Miss Nuevo Laredo shakes off criticism of living in Laredo ahead of Miss Tamaulipas pageant


A Laredoan who was born in Mexico will be representing Los Dos Laredos as she competes at Miss Tamaulipas next week.

Alma Gonzalez De La Cruz, 22, hopes to take home the crown at the event on Sunday, July 16. And after winning Miss Nuevo Laredo 2023, she has her goals set high hoping to win the Tamaulipas crown before vying for the titles of Miss Mexico and Miss World.

“It is a bit of pressure because I know that I am representing two countries, but it really fills me up with a lot of honor and pride to say that I am from both Nuevo Laredo, Tamaulipas and Laredo, Texas,” Gonzalez said. “The beautiful thing about Laredo is that it offers a lot of cultures with an embodiment of the Mexican and American culture. If I am to win, I will highlight the communities of Nuevo Laredo and Laredo, and how they form a city sisterhood and how it is two worlds in one city.”

Since there was no pageant held last year at the city level because of the continuing effects of the pandemic, Gonzalez was provided Nuevo Laredo’s crown by the city’s Mayor Carmen Lilia Canturosas as she will represent them at Miss Tamaulipas.

It’s been a long time coming for Gonzalez, who wished to follow in the footsteps of her mother to compete in pageants. And amid the immense work to prepare for these events, she discovered her love for social work. But while she has her sights set on “conquering the world,” she’s already faced significant backlash from others who do not think she should be able to represent her two home cities.

Early beginnings

Since she was little, Gonzalez always felt she had a gift to entertain. She loved to dance and sing, and she always focused on the positives in life.

Her mother encouraged her at a young age to enter various activities, and among them that she participated in was acting courses, as she wanted to be an artist.

“I think that my mother since then saw something in me that I wanted to be on top of a stage and do something artistic, however, it wasn’t until I started participating in beauty pageants that my true interest began,” she said.

Gonzalez said she felt even more in love with the pageant world when she saw that her own mother, Thelma De La Cruz Gonzalez, had actually won the Nuevo Laredo Epomex Crown in 1994.

“I have always felt that connection with my mom, and ever since I was little I would tell her to take out the crown. I wanted to see it, as for me it was a treasure,” Gonzalez said. “At the age of 13, I also saw my older sister compete in Miss Laredo. Since then I asked my mom to let me get into beauty pageants, but it took them three years until I was 16 for them to accept.”

Once she entered the pageant world, she said she found success in her first-ever contest Miss Teen Laredo Latina and Miss Teen USA Latina before placing seventh at the national level. When she was 21, she competed at Miss Laredo for the first time.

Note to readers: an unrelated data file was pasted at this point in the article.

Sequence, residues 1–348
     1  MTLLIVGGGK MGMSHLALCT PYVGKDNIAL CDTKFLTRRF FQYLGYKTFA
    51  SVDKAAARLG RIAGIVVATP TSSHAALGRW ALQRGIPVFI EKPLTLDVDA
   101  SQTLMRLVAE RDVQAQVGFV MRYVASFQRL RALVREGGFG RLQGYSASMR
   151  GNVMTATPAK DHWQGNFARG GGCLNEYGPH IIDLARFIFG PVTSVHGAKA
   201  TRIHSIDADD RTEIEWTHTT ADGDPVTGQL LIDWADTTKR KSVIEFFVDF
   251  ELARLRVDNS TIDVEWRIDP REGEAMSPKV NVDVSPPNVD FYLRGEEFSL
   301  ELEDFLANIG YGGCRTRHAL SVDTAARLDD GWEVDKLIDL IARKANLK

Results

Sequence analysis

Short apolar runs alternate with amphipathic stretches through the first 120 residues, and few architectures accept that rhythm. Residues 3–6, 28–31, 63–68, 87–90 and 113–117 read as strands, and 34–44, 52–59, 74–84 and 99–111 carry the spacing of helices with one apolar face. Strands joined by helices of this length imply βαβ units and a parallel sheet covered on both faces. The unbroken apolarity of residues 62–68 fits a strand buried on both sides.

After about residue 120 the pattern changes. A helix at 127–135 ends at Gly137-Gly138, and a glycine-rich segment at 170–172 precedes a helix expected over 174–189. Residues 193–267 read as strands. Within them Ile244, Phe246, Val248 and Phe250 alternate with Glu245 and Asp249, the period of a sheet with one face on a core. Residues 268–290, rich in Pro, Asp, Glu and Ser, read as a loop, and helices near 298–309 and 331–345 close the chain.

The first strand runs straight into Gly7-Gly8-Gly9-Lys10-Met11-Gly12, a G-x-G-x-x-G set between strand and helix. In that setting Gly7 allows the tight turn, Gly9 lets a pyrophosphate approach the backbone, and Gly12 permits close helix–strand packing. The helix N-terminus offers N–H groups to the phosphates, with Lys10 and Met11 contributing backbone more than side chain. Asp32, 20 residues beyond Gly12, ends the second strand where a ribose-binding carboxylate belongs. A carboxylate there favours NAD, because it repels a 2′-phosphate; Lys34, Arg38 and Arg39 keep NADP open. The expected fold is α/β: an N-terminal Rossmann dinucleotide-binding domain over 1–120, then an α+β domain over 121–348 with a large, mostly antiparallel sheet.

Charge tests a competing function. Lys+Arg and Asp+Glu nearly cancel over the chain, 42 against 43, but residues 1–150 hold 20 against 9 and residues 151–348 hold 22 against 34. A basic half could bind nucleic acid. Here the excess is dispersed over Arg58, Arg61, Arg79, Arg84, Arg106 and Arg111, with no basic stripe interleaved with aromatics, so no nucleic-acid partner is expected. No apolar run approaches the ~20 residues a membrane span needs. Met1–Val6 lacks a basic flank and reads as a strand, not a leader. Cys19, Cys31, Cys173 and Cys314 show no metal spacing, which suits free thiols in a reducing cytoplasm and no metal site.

Now her mother is excited to see her daughter compete at Miss Tamaulipas.

“I am really proud and happy of what my daughter has been able to accomplish, who Alma is as a person and how she has been able to have a positive impact in the community and the people of both Laredos,” she said. “I really thank God for allowing her to become the miracle that other people might need. That is my biggest appreciation to God.”

Meanwhile, Gonzalez said that her father originally balked at the idea of pageant participation when she was younger but now is really into them as he supports her. And he was especially excited when she joined the Miss Tamaulipas pageant, as she would be able to reconnect with her Mexican roots.

“He was the first one that said no when I was just 13 years old, but now he loves for me to compete,” Gonzalez said. 

Gonzalez credits her pageant director, Elma Garza, for entrusting her and pushing her to form part of the Miss Tamaulipas pageant. 

“When I was in the Miss Texas competition, my current pageant director saw all that I did in preparation for the Laredo crown,” Gonzalez said. “Since she was also the person that helped me in my modeling choreography and saw all the trajectory I have, and with all the social services I have worked with in both cities, it made me want to become part of the Miss Tamaulipas pageant.” 

Preparing for Miss Tamaulipas

Competing for a major event like Miss Tamaulipas — especially for someone who hopes to later compete for Miss Mexico and Miss World — is not as simple as just showing up. In fact, there’s a lot of work that goes into it. 

Gonzalez said she is preparing tirelessly for the competition. This includes practicing with her modeling instructor, learning from her instructor of history and Mexican culture, and perfecting her Spanish accent and terminology with her diction professor.